US 20020043943 A1
The invention comprises use of Dynamically Switchable Bypass (DSB) elements in association with one or more Light Emitting Diodes (LEDs) in arrays for illumination circuits to provide rugged, reliable lighting. The DSBs are selected from Transient Voltage Suppressors, including Silicon, Metal Oxide Varistors, and Multi Layer Varistors as well as Zener Diodes. The DSBs are not used as circuit protecting devices, but rather as alternative paths for electric current to bypass failed LEDs. Bi-directional TVSs are used as alternative electric paths for circuits using Alternating Current (AC) and parallel LED arrays that light on both phases of AC. Zener Diodes are used in parallel to, but in the opposite polarity orientation to, one or more LEDs in DC or rectified AC circuits. The inventive paired DSB/LED elements overcomes the black-out problems of prior series LED illumination systems, making possible the use of robust LEDs in illumination systems where reliability, long life, low power consumption, low heat output, resistance to shock, vibration, and humidity, and self-diagnosis are important. The DSB elements have breakdown voltages slightly higher than the LED(s) they support, so that when an LED fails, the conduction through the DSB begins. Because the conduction voltage of the DSB so nearly matches the conduction voltage of the LED(s), the remainder of the circuit continues to function as normal. The system is self-diagnostic in that any LED failure presents itself as a dark LED rather than as a whole string of dark LEDs. DSBs may be used with incandescent bulbs.
1. In an electrical circuit employing at least one LED or incandescent light element for illumination, the improvement comprising connecting at least one DSB element in parallel with said at least one light element so that when said light element fails, said circuit continues to pass current through said DSB to permit at least some remaining circuit components to function.
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10. In a panel illumination assembly comprising a faceplate and a circuit board disposed spaced below said faceplate, said circuit board having an array of light elements selected from LEDs and incandescent bulbs thereon oriented for illumination of pre-selected areas of said faceplate, the improvement comprising connecting at least one DSB element in parallel with at least one light element so that when said light element fails, said circuit continues to pass current through said DSB to permit other light elements in said circuit to function.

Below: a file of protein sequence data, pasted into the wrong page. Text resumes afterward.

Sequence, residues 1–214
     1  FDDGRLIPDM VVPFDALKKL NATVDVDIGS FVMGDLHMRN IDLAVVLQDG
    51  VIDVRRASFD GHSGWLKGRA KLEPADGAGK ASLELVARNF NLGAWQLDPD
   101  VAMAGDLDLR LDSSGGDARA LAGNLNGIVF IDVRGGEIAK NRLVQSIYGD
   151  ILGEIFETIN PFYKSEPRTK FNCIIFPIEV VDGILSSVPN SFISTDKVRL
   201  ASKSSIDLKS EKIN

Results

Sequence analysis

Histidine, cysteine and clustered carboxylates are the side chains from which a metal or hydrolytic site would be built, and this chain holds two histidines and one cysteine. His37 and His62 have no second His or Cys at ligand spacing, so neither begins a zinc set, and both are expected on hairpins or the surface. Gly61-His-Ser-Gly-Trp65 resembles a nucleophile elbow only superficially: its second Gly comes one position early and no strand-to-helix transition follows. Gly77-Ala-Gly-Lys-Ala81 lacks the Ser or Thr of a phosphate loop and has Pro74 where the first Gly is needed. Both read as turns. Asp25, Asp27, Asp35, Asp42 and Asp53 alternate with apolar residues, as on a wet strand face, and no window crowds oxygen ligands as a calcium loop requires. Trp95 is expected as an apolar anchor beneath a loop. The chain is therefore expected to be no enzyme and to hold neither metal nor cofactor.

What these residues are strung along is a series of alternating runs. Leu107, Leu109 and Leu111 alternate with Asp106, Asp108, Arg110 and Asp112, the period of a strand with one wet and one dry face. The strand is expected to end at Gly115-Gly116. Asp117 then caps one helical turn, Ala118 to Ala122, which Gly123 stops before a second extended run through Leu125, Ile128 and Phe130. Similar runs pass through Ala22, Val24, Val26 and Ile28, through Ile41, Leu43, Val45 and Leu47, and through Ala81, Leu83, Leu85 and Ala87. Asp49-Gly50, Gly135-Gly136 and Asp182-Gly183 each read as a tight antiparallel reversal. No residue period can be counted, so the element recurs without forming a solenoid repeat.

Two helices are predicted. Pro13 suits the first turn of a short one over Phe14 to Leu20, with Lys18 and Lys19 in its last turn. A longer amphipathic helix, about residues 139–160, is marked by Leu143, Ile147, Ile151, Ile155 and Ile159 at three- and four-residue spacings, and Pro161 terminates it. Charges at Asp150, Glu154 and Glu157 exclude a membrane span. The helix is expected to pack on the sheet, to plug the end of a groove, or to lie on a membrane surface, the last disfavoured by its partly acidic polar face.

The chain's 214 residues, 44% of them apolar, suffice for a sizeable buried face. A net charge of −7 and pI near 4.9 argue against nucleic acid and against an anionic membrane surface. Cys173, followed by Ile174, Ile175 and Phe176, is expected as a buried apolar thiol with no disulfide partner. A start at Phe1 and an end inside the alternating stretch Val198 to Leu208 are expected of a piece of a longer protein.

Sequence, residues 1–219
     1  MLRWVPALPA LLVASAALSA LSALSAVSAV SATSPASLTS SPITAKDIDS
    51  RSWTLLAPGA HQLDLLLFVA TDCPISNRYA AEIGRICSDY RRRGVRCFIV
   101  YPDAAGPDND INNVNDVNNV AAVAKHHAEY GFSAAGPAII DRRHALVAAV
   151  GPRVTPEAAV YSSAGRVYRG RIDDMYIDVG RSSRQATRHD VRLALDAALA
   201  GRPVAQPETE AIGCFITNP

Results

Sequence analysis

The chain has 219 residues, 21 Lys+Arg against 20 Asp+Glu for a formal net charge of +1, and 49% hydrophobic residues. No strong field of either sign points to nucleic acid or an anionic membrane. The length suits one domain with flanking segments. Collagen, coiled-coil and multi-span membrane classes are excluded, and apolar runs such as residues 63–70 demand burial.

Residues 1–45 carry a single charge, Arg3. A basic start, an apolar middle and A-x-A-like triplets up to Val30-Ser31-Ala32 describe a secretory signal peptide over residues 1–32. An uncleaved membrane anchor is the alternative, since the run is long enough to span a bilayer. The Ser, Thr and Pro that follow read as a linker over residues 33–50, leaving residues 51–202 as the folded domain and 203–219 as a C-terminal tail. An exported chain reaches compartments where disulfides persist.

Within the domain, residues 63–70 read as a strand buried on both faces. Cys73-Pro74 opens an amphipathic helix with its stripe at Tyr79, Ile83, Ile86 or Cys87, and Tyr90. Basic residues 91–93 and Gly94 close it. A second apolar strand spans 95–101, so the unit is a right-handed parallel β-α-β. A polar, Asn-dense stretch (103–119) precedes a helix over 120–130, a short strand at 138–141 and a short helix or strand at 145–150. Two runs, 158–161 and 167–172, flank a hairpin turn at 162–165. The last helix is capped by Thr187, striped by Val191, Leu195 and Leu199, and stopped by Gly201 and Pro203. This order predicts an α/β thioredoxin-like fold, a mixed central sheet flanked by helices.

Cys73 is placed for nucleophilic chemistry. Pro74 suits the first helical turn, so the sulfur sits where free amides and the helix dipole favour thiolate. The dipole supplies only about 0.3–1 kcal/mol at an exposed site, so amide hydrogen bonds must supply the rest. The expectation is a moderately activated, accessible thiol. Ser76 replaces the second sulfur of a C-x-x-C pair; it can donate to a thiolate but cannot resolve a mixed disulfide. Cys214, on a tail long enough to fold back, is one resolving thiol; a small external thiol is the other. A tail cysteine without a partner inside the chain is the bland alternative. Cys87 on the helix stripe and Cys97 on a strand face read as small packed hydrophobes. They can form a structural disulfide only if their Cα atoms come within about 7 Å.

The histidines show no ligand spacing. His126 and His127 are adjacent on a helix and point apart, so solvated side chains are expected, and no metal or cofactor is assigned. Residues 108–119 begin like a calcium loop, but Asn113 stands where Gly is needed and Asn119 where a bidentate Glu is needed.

11. Improved panel illumination device as in
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a) where said AC current is rectified, said LEDs are connected in each of said at least one branch with the same polarity orientation, and
b) where said AC current is not rectified, said LEDs are connected in parallel branches with said LEDs in alternate branches being oriented in opposed polarity orientation to provide illumination in said alternate branches on each half cycle, and
c) where at least one DSB element is associated with each of said branches.
15. Improved panel illumination device as in
16. Method of maintaining light output of a multi-element light element array illumination device having a lit portion, comprising the steps of:
a) electrically connecting at least one DSB element in parallel with a preselected group of light elements of said illumination device;
b) supplying current to said light element illumination device so that said light elements are lit;
c) continuing to supply current to said light element illumination device after at least one light element fails, by passing current through said DSB element to permit other light elements of said device to remain lit;
d) thereby maintaining a substantial area of said device illuminated in proportion to the number of remaining operable light elements to the total light elements of said array.
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23. An integrated illumination device comprising a DSB element in parallel with at least one LED.
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 This application is related to, and claims priority of, Provisional Application Serial No. 60/239,414 filed Oct. 10, 2000 under 35 USC §119.
 The invention relates to illumination systems, and more particularly to the use of light elements, particularly Light Emitting Diodes (LEDs), in arrays in conjunction with Dynamically Switchable Bypass (DSB) circuitry to provide rugged reliability. The devices, circuits and systems of the invention show particular utility in aerospace, military, and commercial lighting applications or anywhere panel or display lighting is used.